Block of flats falling apart – what can we do?

Block of flats falling apart – what can we do?

11:22 AM, 23rd September 2013, About 8 years ago 19

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Well, not quite but close…

I own a leasehold flat in an 18 unit block in Halifax. All units are owned by investors. About a year ago we took over the management, using the RTM Process. Myself and one of the other owners are now directors of the Right To Manage (RTM) company and we have a managing agent in place. The freehold is owned by a third party.

On the 19/2/2013 the building was inspected by an independent surveyor who wrote a report. The reason for the inspection is the poor condition of the concrete walkways. We bring you here the relevant sections of the report so that you can get an understanding of the situation.

Description & Background:

KC comprises a residential complex of flats constructed over three levels and provides accommodation within 18 units. We would estimate that the complex is 50-60 years old and is constructed of cavity brickwork external walls with a pitched clay and concrete tile covered roof. The intermediate floors, balconies and external access stairs are constructed of reinforced concrete, which appears to be case in situ. Block of flats falling apart - what can we do?

Brief:

We understand that render has been reported as spalling from the underside of the external walkways which serve the first and second floor levels of the building. The purpose of the inspection was to determine the cause of the defect, set out an appropriate course of action for further investigation and propose longer term remedial measures.
We have also been requested to make any relevant general observations with regard to the premises and highlight matters of particular health and safety risk.

Inspection

The building was inspected by Bond Bryan Building Surveying Ltd on 19th February 2013.

Executive Summary

A brief visual inspection of the property known as KC Halifax was undertaken by Bond Bryan Building Surveying.
The purpose of the inspection was to investigate and comment upon spalling render to the underside of concrete walkways at the rear of the property and other items of disrepair identified during the inspection.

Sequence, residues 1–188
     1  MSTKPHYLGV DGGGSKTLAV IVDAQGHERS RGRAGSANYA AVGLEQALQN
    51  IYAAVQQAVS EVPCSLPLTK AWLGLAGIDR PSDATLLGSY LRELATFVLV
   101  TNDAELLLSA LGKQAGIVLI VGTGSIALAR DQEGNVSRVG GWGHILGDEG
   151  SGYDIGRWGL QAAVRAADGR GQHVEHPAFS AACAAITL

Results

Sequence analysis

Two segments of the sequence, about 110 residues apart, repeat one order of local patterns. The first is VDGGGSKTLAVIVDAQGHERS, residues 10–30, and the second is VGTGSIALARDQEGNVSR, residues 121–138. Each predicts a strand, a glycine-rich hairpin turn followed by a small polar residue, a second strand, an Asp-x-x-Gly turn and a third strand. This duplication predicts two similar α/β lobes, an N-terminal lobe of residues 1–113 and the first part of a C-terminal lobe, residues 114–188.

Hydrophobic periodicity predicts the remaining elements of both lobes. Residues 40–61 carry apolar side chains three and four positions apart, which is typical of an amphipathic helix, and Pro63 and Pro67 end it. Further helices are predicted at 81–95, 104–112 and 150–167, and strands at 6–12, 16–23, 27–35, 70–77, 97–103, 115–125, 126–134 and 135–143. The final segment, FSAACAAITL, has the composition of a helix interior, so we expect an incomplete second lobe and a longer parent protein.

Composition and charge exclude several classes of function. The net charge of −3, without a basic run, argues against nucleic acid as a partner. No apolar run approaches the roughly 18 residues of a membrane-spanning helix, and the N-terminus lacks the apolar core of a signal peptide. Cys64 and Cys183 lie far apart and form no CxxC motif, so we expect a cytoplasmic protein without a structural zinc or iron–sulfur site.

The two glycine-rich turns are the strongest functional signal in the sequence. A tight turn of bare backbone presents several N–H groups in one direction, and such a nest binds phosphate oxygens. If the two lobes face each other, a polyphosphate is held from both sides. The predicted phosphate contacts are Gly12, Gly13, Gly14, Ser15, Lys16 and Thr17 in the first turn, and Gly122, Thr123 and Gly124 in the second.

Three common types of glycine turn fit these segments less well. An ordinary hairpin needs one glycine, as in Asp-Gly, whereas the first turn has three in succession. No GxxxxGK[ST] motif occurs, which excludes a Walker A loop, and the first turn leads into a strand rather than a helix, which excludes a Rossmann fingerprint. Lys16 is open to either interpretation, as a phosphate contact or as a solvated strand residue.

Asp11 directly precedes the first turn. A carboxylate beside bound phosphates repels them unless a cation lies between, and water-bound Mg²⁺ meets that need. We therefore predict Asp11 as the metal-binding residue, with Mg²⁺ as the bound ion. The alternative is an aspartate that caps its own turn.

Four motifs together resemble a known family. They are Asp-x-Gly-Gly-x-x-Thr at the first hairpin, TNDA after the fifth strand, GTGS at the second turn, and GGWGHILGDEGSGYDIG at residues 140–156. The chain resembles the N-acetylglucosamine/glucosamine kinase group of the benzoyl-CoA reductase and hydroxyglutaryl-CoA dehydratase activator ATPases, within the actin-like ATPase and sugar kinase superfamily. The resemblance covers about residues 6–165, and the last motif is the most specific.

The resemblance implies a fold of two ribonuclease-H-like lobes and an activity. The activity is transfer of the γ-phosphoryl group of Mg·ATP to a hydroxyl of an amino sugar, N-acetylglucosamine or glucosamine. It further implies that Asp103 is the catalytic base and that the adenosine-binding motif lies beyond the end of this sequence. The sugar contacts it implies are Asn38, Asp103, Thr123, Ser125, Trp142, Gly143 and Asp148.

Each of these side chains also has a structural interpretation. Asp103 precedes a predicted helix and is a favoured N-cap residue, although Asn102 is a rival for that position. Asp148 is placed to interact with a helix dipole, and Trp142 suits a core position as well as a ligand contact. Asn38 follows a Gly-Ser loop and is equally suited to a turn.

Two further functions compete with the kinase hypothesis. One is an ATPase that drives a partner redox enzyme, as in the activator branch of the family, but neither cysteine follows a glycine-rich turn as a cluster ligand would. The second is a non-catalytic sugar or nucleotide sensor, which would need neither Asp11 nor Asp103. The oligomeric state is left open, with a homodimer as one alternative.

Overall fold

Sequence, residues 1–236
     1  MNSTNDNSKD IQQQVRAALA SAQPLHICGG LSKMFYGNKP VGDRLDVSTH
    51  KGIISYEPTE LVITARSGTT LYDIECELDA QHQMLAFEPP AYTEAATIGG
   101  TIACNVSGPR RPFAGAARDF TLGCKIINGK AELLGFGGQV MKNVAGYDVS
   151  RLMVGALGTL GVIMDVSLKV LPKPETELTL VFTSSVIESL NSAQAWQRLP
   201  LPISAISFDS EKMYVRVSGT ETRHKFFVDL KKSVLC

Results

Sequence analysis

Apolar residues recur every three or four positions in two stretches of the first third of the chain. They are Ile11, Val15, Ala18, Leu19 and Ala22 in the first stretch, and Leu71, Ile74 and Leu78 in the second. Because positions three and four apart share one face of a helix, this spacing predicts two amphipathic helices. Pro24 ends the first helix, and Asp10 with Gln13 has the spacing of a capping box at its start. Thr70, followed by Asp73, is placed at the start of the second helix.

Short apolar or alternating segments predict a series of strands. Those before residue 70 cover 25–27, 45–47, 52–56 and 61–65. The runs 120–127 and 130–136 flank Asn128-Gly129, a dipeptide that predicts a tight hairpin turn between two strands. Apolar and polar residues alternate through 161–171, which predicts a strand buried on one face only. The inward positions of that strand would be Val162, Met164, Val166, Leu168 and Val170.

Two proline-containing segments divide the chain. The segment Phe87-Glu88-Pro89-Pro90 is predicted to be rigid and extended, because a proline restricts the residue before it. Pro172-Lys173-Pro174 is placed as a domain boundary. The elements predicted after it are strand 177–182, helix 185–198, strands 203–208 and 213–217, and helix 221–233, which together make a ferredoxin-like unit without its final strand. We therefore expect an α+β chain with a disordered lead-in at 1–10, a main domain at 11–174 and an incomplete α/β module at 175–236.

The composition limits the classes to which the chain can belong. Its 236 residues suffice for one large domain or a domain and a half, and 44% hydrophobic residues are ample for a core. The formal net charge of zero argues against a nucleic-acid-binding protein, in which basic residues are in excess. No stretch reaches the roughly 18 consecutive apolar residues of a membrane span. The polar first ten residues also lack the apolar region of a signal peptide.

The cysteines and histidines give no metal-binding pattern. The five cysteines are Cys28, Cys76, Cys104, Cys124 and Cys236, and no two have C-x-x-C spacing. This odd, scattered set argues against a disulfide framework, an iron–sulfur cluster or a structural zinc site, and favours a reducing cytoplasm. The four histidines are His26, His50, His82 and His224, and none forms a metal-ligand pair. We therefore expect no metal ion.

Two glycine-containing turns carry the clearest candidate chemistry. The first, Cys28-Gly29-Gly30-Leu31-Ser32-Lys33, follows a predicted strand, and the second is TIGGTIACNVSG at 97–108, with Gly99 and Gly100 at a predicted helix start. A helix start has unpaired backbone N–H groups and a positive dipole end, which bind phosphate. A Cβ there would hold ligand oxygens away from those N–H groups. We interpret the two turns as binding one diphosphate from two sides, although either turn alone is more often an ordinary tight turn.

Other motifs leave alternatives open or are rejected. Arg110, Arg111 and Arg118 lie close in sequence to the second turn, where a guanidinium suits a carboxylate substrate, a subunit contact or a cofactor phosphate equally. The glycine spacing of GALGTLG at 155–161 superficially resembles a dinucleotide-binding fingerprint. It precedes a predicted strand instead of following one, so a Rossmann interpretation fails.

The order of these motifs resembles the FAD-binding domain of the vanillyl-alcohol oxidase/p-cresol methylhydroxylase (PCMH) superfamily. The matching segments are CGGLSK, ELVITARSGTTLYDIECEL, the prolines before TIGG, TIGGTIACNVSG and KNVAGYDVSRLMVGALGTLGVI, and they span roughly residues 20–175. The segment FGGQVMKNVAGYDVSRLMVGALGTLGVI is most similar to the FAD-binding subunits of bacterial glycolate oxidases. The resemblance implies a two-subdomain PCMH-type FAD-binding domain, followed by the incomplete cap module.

In all situations further investigation and testing of the concrete is necessary however we are able to comment on the overall condition and make recommendations as to the most appropriate courses of action.

We would describe the condition of the external walkways as very poor. The spalling of the cement render coating to the soffits of the walkways is attributable to the significant deterioration of the reinforced concrete.

The reinforcement bars embedded within the concrete slabs have corroded significantly. The bars have expanded through corrosion which has caused cracking and spalling of the concrete.

In our opinion the concrete slabs of the walkways have deteriorated beyond economic repair and it is our recommendation that they are removed and replaced with a steelwork structure.

Our challenge is:

We are told by the managing agent that if we don’t take the next step – which is have the concrete tested – they wouldn’t feel uncomfortable managing the site.

As far as we are concerned, no-one knows how long the concrete will last. It could be 5-10-20-30 years. All a test would supply us is with the state of the concrete at the moment and an opinion as to how long it would last.

Myself and the other director went to inspect the site with an experienced builder who explained that he would be able to make good the exposed areas of the walkways so that there is no danger of falling concrete.

We would much rather make good the exposed areas than going through the test which will, possibly, force us to go through a very very expensive repair process (the report speaks of more than £300K to replace the walkways with a steel structure). The flats are currently worth £40K each and there is no way any of the owners could afford to pay more than £16,000 for such a job.

Our questions are:

1. What can we do in this situation which would protect us as directors from being negligent while finding a practical and cost effective solution to this problem?
2. What are we required to do by law?
3. What is the responsibility and obligation of the freeholder in this situation?

We would appreciate any information or advice you may have.

Many thanks

Nitzan



Comments

by Nitzan Marinov

21:06 PM, 23rd September 2013, About 8 years ago

The rent for round £325-£350

by Jay James

21:19 PM, 23rd September 2013, About 8 years ago

there seems to be a missing comment by NM at 21.06

by Nitzan Marinov

21:36 PM, 23rd September 2013, About 8 years ago